How common is fecal incontinence? Do other people have this problem, too?
Fecal incontinence can be a debilitating and embarrassing disease. Although it afflicts approximately 8% of people, few patients are comfortable discussing it with their provider, friends, or family.
What are my treatment options? Isn't my only option to fix this problem to get a colostomy?
Not at all. Initial management consists of anti-diarrheal pills and fiber supplements. If not sufficient, there is a wide range of treatment options, including sphincter bulking agents for mild leakage, to sacral nerve stimulation (like a pacemaker for the bowels) and artificial bowel sphincters for more severe cases. Occasionally, more traditional approaches, such as sphincter repair, are also utilized.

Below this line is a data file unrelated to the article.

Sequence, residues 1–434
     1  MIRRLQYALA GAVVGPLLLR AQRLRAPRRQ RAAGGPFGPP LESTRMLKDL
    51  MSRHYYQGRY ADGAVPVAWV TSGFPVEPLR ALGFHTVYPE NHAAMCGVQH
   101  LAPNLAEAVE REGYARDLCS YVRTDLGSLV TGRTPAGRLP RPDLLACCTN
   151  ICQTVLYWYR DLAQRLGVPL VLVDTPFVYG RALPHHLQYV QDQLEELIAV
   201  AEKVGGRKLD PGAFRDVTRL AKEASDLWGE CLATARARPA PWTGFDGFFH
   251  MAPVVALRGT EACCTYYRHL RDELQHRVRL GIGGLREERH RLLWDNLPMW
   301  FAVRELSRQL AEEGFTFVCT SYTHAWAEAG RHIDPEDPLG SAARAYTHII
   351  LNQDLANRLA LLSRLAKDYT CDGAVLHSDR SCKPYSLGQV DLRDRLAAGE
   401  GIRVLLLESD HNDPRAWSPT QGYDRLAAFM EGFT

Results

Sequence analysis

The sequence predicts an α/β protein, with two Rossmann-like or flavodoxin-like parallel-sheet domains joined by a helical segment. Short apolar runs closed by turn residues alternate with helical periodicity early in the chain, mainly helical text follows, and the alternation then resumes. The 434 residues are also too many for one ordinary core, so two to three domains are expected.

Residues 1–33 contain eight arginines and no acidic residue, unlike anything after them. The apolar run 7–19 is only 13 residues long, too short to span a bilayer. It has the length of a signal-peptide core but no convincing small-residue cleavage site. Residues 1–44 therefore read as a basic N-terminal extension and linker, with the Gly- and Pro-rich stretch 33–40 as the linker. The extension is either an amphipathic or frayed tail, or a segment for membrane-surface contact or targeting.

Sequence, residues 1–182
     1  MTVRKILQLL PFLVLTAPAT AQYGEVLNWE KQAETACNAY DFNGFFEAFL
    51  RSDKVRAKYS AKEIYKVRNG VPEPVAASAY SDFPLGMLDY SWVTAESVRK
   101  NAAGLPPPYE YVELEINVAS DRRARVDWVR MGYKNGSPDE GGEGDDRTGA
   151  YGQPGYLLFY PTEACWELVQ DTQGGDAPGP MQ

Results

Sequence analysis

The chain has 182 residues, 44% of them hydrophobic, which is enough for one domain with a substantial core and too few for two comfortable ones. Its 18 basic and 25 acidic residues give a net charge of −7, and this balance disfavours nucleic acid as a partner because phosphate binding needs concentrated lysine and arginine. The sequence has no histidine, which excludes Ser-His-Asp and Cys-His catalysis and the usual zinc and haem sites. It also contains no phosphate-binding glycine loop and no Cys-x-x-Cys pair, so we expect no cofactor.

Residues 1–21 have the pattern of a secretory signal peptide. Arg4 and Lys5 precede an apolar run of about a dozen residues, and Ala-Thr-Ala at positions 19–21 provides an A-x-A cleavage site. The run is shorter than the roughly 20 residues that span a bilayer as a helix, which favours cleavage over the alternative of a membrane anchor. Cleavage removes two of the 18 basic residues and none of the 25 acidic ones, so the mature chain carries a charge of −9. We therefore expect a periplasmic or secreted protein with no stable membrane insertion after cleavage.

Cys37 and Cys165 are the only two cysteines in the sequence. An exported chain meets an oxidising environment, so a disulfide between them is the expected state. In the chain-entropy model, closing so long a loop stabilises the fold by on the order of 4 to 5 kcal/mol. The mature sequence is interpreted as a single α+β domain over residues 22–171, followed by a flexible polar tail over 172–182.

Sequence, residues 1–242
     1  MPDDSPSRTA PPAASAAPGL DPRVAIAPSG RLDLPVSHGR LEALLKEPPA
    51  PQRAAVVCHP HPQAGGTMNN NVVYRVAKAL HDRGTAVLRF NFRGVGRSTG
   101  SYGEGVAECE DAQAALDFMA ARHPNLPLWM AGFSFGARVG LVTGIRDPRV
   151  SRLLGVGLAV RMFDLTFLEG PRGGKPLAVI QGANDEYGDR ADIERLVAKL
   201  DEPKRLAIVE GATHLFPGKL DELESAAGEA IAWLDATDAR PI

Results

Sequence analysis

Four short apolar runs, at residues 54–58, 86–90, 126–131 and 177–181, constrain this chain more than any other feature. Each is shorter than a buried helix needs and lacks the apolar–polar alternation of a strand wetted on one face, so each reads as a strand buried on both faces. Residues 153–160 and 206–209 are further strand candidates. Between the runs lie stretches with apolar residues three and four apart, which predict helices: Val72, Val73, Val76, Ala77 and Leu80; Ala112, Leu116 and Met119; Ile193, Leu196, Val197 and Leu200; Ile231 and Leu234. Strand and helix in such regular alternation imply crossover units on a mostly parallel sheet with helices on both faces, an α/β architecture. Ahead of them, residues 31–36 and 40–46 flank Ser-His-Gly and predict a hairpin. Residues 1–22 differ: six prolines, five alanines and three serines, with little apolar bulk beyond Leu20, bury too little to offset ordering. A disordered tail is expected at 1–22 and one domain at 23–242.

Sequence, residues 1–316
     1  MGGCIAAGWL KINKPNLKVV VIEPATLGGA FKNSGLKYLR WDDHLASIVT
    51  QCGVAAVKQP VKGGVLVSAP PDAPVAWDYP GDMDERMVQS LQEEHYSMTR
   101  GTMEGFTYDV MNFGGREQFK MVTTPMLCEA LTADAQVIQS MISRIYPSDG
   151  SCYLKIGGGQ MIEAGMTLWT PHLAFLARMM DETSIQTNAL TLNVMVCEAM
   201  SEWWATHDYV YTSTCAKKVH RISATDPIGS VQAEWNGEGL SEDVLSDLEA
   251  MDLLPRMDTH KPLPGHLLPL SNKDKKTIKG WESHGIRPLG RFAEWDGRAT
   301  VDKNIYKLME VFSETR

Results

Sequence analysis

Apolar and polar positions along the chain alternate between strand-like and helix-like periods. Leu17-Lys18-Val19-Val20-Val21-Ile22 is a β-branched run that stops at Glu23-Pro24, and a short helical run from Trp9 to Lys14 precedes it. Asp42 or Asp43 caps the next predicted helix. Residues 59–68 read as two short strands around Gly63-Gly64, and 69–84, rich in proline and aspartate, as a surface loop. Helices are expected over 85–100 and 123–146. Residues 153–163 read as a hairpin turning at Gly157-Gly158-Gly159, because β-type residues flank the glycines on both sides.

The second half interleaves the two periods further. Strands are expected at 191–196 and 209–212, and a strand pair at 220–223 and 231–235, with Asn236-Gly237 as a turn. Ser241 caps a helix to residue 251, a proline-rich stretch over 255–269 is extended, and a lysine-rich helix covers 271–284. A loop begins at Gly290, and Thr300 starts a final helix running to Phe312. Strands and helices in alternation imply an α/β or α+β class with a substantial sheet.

Are treatments for fecal incontinence covered by my insurance carrier?
Most often, yes. We have you fill out a detailed bowel diary to quantitate the problem. We then pick the option best suited for you and work with your insurance to determine what, if any, out-of-pocket expense you will have.
To learn more about fecal incontinence and what The Oregon Clinic's team of specialists in UroGynecology and Colon & Rectal Surgery can do for you, visit oregonclinic.com/fecal-incontinence